This is, then, the fundamental need of the Colonies. Representation in the Councils to which the Supreme Authority which governs them, is responsible. Nothing less will supply this defect, which is that which causes rational fears for the dissolution of the Empire.

It was just this cause which did dissolve the bond of old between England and the Colonies which now form the United States of America. George III., when he ascended the throne in 1700, attempted to develope autocratic government. At that time only 160,000 out of 8,000,000 possessed the franchise in England. The House of Commons was, to a great extent, composed of representatives of rotten, extinct, or pocket boroughs. The King bought up many of these or their representatives; so while the Colonies were quite unrepresented, England was represented very imperfectly. The King was able to act without proper responsibility either to the Colonies or England, in which he attempted to put down even a free Press; and he was supported by what became called the King's Party in the House of Commons. The Colonies had been devotedly loyal, and had fought well and taxed themselves heavily through their own Legislature in the French and Indian wars, till the French power was crushed in America the year before the King's accession. He determined to tax those Colonies otherwise than through their own Legislatures, and to coerce them into obedience by armies. The noblest in England, led by Pitt and Burke, pleaded the cause of the Colonies. When the harbour of Boston was shut up to coerce the people, £30,000 was subscribed in London for their relief. Still in a few short years, these people, one in blood and sympathies, who had fought and given their lives beside each other as brothers, were brought into civil war and revolution by irresponsible rule. That it was want of Representation produced the breach, is evident from the whole history and discussions of that day. The wisest men of the time in England advocated the Representation of the Colonies, but it was impossible to carry such measures in a Parliament weakened and degraded by the King. Adam Smith advocated it. He said : "There is not the least probability that the British Constitution would be hurt by the union of Great Britain with her Colonies. That institution, on the contrary, would be completed by it, and seems to be imperfect without it. The assembly, which deliberates and decides concerning the affairs of the whole Empire, in order to be properly informed, ought certainly to have representatives from every part of it."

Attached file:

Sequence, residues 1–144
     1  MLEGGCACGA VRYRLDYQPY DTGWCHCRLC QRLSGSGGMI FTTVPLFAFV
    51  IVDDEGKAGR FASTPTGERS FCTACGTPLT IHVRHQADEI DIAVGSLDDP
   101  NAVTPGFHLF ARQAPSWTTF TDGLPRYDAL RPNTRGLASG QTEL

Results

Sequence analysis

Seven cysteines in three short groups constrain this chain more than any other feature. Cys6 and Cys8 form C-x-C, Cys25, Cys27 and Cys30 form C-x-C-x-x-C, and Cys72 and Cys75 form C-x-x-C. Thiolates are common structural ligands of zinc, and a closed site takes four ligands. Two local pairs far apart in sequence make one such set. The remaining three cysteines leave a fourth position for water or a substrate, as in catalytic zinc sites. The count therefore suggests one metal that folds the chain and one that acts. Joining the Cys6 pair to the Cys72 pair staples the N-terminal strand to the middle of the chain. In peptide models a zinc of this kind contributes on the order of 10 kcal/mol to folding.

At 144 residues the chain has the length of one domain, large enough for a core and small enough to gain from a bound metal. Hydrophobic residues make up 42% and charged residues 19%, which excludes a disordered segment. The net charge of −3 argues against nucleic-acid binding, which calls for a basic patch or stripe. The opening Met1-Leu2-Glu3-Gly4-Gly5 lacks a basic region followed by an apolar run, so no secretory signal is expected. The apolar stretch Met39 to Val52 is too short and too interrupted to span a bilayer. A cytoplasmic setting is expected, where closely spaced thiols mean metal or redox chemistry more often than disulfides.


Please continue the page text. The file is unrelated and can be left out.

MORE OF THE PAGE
Burke, while a member of Parliament, was engaged as the first paid agent of one of the Colonies. This in itself showed their desperate want of Representation, as did the earnest petitions of the Colonial Legislatures to the Home Parliament. In Burke's celebrated speech in Parliament on the "Conciliation of the American Colonies,"he said : "My idea, therefore, without considering whether we yield it as a matter of right or grant it as a matter of favour, is to admit page 11 the people of the Colonies to an interest in the Constitution."He stated in his third proposition the principle of Representation, and its justice and expediency. He advocated it with wonderful power and force of illustration, but in the face of the impracticability of moving Parliament in its then condition to grant this, he only pressed, in conclusion, the constitutional freedom of the Colonies, and that they should not be taxed but by their own Parliament. He admitted the difficulties of Representation, owing to the distance of the Colonies, but prophetically said : "What nature has disjoined in one way, wisdom may unite in another; "and now that time and space are almost annihilated by steam and electricity, it is time for wisdom to satisfy this great need.